Q: What if a film sometimes plays on TV, but isn’t otherwise available?
A: Wait for it to play on TV and watch or record it. If it requires cable/satellite that you wouldn’t otherwise buy, having a friend record it has never seemed a cardinal sin to me.
However, if a station owns the rights for a film and never (or almost never) plays it, do what you want and make your own peace. Previously I would give TCM (who owns an enormous amount of the unreleased films out there) about 6 months to a year to play a film before I sought other means, but if TCM follows through with their plan to make their entire library available on DVD by request, then I no longer need to make furtive back-alley deals.

Q: What if a film is available only on an old format like laserdisc?
A: Personally, I keep a VHS player around so that I can still watch the huge number of films that are available on tape but not disc. For films only previously marketed on obsolete formats like laserdisc, check whether the distributer is still around and considering a rerelease. Failing that, I generally seek out bootlegs sourced from the obsolete format.

Q: What if a movie is only available from another country, in PAL format and/or with incompatible region codes?
A: I found that a great investment is a region-free, any-standard DVD player (which are perfectly legal) that can play movies from anywhere in the world. Since region encoding is not backed by law – it is purely a way to increase profits by giving higher prices to wealthier regions – I never feel bad buying the film and stripping the silly limitations off with computer software (the distributor still got their money).
That said, I think that this is a case where the rights owner stupidly limited their own profits by not giving you a fully authorized option to pursue, and so I understand if people feel that getting a bootleg isn’t harming the company more than they harmed themselves.

Q: What if a movie is only available in another language?
You can often times find free subtitle files, which are legal to create and distribute. Minimal tech savvy is required to apply subtitle files to movies viewed on your computer.
Fansubbed bootlegs are illegal, but I still consider them a reasonable option if the current rights owner has no plans to provide a version in your language. I consider people who provide high quality fansubs to be doing a service to the cinema community.

Q: What if a film is only available for an exorbitantly high price, like a 35mm rental fee of or a festival/promotional/educational purposes price?
A: I’ve seen a lot 35mm rentals as high as $1000, without even taking into account the cost of the equipment you would need to project it. Festival/promotional/educational copies, which often pertain to experimental films, tend to be in the $100 to $250 range. That’s a sign that the distributor is doing outdated celluloid copies not intended for the general market. Sometimes you just have to wait for them to get their distribution branch in order for the price to drop.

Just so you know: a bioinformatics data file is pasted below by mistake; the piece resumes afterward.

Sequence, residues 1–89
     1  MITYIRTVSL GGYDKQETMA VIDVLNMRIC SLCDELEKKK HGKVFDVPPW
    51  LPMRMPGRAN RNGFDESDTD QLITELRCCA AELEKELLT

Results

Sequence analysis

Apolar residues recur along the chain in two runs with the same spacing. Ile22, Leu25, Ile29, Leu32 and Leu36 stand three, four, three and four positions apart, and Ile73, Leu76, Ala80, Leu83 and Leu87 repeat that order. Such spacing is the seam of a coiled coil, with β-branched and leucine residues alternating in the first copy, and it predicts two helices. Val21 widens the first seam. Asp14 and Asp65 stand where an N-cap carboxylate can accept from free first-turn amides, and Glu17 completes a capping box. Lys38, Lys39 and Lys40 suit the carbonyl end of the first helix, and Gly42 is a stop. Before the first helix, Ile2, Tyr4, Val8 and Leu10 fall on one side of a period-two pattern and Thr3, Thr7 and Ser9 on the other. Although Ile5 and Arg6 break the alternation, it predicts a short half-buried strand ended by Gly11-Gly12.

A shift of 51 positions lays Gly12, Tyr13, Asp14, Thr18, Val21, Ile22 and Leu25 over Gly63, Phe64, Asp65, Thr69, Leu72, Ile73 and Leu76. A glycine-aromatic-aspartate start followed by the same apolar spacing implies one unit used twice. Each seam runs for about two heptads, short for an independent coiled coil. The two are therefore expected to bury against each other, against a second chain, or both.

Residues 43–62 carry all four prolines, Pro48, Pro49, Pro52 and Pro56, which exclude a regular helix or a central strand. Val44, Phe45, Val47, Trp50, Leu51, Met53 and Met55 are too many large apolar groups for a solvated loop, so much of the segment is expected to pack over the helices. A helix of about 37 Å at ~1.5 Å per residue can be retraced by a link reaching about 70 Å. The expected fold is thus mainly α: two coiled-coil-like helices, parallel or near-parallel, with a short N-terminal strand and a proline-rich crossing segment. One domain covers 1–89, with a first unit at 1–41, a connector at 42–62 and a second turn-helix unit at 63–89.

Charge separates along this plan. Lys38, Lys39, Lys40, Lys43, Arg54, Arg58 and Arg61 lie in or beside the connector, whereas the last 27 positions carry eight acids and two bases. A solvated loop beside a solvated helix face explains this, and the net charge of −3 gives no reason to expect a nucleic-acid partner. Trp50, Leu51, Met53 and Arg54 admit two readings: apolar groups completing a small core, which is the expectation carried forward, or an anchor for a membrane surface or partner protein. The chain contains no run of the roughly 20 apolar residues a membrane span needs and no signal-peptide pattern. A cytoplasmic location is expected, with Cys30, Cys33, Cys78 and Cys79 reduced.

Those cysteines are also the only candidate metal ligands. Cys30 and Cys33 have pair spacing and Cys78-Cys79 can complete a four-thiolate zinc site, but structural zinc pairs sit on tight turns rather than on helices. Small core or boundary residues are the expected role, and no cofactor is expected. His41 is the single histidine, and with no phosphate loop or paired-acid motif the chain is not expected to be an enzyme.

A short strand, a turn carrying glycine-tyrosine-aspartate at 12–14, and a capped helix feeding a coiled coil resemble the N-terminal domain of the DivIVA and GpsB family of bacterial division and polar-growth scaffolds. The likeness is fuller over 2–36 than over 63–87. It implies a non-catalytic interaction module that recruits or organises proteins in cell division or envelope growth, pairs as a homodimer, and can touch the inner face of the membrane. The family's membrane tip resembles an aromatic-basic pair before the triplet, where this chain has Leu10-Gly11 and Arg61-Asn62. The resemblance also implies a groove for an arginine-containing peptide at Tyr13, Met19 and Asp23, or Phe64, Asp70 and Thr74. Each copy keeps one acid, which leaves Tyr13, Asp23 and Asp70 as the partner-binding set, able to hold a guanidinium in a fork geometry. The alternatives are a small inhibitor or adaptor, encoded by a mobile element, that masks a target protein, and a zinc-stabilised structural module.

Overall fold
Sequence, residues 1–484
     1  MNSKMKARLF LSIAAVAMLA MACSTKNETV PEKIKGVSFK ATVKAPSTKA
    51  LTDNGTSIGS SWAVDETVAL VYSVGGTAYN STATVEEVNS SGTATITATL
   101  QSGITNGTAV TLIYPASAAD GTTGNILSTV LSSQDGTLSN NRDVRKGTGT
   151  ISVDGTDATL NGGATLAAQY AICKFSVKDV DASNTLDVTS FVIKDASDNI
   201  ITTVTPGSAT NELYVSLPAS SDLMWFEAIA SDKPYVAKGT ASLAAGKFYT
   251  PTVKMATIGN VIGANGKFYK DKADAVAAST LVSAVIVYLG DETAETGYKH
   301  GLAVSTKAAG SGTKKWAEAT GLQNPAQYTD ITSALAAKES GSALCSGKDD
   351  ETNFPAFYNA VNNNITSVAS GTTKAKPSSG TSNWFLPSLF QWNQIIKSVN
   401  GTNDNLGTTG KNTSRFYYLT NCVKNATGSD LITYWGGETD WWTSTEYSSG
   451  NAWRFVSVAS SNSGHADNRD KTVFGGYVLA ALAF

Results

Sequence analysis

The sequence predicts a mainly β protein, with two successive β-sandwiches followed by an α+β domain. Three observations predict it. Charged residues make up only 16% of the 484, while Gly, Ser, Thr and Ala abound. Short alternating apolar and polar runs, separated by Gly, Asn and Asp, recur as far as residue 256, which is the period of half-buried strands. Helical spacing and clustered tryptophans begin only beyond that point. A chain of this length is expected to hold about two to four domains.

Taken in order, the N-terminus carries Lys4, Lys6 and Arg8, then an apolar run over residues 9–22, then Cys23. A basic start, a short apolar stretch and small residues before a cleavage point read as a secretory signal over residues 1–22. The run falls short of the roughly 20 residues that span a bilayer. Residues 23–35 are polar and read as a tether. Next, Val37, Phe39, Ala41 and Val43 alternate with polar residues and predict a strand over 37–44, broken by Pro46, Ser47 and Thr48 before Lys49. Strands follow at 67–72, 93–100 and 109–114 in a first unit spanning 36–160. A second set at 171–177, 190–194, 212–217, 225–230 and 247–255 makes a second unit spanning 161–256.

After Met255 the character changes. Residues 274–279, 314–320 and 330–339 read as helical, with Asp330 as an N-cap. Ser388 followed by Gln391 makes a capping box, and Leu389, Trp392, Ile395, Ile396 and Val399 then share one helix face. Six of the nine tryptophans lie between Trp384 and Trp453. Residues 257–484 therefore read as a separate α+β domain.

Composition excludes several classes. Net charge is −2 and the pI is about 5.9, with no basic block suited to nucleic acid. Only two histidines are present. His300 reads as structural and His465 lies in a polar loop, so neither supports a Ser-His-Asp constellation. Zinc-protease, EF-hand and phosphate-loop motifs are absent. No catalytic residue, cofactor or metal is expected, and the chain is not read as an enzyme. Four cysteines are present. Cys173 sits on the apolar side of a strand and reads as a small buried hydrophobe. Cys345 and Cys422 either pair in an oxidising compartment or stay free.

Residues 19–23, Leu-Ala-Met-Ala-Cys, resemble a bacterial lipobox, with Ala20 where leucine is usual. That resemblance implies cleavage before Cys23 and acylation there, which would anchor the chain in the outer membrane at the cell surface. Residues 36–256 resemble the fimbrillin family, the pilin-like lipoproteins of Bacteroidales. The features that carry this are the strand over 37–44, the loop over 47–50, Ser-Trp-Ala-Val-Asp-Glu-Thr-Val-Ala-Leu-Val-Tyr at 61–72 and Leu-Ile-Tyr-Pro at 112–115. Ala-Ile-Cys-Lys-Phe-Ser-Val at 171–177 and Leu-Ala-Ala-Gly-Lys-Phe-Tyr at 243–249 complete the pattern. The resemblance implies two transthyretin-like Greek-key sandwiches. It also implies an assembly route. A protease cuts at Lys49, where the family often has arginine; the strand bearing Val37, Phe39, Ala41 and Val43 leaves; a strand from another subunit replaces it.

If the rights owners posses digitized copies of these films that could be written to a DVD-r with little hassle, I consider the prices quoted above to be unreasonable and beyond the means of the general public (though exceptions exist). I have occasionally resorted to bootlegs in that situation, but often I just ignore these films.
If a movie is just plain expensive, like a Criterion release or the latest Blu-ray blockbuster, that doesn’t count as unreasonable in my book. You need to just commit to the price tag or wait for the cost to fall and used copies to become available.

Q: What if the rights owner wants to restrict who sees a film or how it is displayed?
A: If the rights owner in this case is the original author (preferably the director), then you should listen to their explanation, if one is given, and preferably respect it. I don’t usually agree that a film must be seen in theatrical conditions (as some filmmakers and critics insist) to be correctly understood and fully appreciated, but that is one expression of an artist’s moral rights over their work.
Sometimes I give in to moments of weakness and watch bootlegs of these films anyway, but I promise myself that, even if I don’t like it, I will give it a proper chance on the silver screen given the opportunity.
If the rights owner is a special interest group or religious organization that has acquired the rights for the purpose of preventing distribution and suppressing the original artist’s message, I side with the artist.
If the rights owner is a company utterly unaware or uninterested in distributing the film and unwilling to sell the rights to someone who is, I look for a bootleg. I’ve heard that the rights to some Peter Greenaway films went through several bankruptcy and repackaging sales and are now bundled into some obscure Japanese investment holding. If that’s true, then it’s a good example of a copyright not serving anyone’s idea of the public good.

Q: What if you think a film is in the public domain?
A: If it really is in public domain then it is legal to download and copies sold by anyone can’t be considered bootlegs. However, you should do at least some research into the matter. If I can’t find any glimmer of extant copyrights for a film during an hour of internet searching, I’ve satisfied my own conscience. The United States Copyright Office will conduct a semi-conclusive search for $150, or if you live near D.C. you can search their records for free. I’ve never gone that far.